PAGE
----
Getting Over It

On October 13, 2012, in Uncategorized, by admin

I don’t remember exactly when I first had my dream, but it’s one of the very few recurring dreams I’ve had in my otherwise richly populated but poorly remembered nightscape. I suppose it was sometime in my late teens, because it involved skiing along a narrow, sinuous trail that followed the contours of a big mountain that most definitely wasn’t Pats Peak. In the earliest versions of the dream, it was Great Eastern at Killington. Later versions featured Bear Claw at Loon, and later still, Oblivion here in the Valley.

Setting that aside, the dream is always the same: bright sun and deep packed snow, eventually morphing to glorious spring corn. In my dream, I am always with friends — first my high school ski pal, Todd, but later a precession of other great friends — and we’re always skiing along and laughing when we round the bend and the snow abruptly ends, leaving us to sadly remove our skis and walk through the muddy grass, the delight of ski season crashing down to an untimely end.

My recurring dream came perilously close to reality last March when, after a decidedly dicey season, winter came to an unceremonious end after days of bright sun and unseasonably warm temperatures. One weekend, we picked our way down Sunnyside, carefully steering around ever growing brown patches, till the brown patches had grown to the width of the Gema headwall, leaving one turn’s worth of suspiciously greyish-white cover on the far skier’s right. We shifted to the front side, then to Northside, seeking shadows and snow that didn’t splash with each turn. The only refuge was the very narrow lee of the trees on Tyler, and in our heart of hearts we knew it was all but over.

Rumors circulated that the Resort was going to hold out for two more weeks, that they’d secretly been banking snow and really wanted to honor commitments to late-season skiers coming in from the UK. We watched the brown patches grow bigger each day and shook our heads. We were going down hard. By the last Saturday in March, we knew it was over, even if the lifts were still turning. Nancy, Nathan, Ellie and I called a few friends and met in the seasonal locker room for one more morning of skiing. We were rattled by how much snow had disappeared under the lift. The Chute was more granite than snow. At the top, we skied off the lift and made our way over to the top of Northside.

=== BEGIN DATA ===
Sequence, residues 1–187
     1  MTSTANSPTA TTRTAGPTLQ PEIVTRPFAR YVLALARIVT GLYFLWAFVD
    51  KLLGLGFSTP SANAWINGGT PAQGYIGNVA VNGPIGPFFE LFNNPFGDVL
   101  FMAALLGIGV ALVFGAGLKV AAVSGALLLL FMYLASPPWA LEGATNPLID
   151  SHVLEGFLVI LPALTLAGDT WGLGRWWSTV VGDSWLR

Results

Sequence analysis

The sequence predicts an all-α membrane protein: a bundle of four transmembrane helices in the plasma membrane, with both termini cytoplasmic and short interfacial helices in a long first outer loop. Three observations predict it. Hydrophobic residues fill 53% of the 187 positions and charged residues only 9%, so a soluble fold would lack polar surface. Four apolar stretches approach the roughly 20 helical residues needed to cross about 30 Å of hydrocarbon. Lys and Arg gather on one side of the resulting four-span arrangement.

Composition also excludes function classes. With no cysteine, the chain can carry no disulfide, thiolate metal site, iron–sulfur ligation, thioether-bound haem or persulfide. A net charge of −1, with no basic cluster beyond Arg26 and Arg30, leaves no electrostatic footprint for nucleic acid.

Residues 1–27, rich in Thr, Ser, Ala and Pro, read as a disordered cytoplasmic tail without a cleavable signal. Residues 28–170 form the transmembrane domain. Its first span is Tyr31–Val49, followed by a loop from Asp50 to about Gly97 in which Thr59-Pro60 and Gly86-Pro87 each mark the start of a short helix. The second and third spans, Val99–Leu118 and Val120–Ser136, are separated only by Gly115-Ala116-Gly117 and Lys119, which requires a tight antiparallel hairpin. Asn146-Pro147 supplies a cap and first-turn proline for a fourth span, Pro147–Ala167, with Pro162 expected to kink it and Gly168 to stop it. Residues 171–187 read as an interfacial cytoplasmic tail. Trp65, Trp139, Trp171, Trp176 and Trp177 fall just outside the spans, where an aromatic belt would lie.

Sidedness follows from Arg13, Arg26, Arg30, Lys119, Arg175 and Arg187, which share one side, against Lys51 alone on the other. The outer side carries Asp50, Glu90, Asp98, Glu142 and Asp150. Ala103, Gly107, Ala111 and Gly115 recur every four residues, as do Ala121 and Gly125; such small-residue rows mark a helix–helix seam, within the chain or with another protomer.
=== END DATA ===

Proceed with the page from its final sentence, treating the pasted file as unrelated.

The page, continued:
We all set off down Tippe, carefully threading our way though the bare spots. Incredulous that it was all grinding down so far, so fast, we took the lift up one more time and tried Tyler. Same story, different book. Surprisingly, the best snow and the best turns of the day were to be found over on Valley Run, where the low angle and occasional shade kept things somewhat wintry, at least till you hit the frightening cravasses at the top of the Valley headwall.

And so it ended, with hugs and handshakes and a sense of disbelief for a season that almost never was. I don’t think I could identify it at the time, but somewhere down inside, I felt cheated and angry. I tossed my skis into the our locker unceremoniously and stashed my boot bag in my cubby at home without much further thought. If winter wanted to abandon me, I could do perfectly well without winter. Let the mountain biking begin. My bad skiing dream had finally come true.

The spring and early summer passed without much ceremony. I was busy with work and family commitments. Somewhere down inside, I was still angry. When I had ski dreams, they all ended in patches of dirt and snow so slushy it was no fun to slide on. Every dream was like reliving the worst last day I could remember.

Finally, something broke, like the fall weather finally turning cold and the snow guns lighting up on High Country. I woke to the early August sun streaming through my bedroom window, and realized I’d had a mid-winter dream, one of high snow banks and smooth trails and gliding at top speed. I was getting over it. Within a few weeks, I had ordered new skis on eBay and booked a ski week out west with my family. Sometimes it takes a while, but we skiers are nothing if not resilient by nature.

Today was a typical stick-season day in the Valley. The morning sun revealed a surprise dusting of fresh snow on Tecumseh, coating the trails all the way down Sunnyside. Blustery winds blew occasional snow showers about, and the faithful, or slightly ski-addled, took each big flake as a portent of great things coming. Last season sucked. I can say that now. I know the season to come will be much, much better.


If you’re a fan of Waterville Valley, you’re probably a fan of the Greeley Ponds Trail, too. It stands for many of the best things about life in the Valley: family hikes, the enduring beauty of nature, and the hardscrabble history of loggers and farmers who realized the real value of the land was in welcoming visitors looking for peace and a connection with the mountains. The Greeley Ponds Trail was, for all intents and purposes, scrubbed from the map by flood waters from the remnants of Hurricane Irene in August, 2011. Now, the Waterville Valley Foundation has joined forces with the Waterville Valley Athletic and Improvement Association, the National Forest Service, and the National Forest Foundation to restore this historic trail. To find out more, please visit


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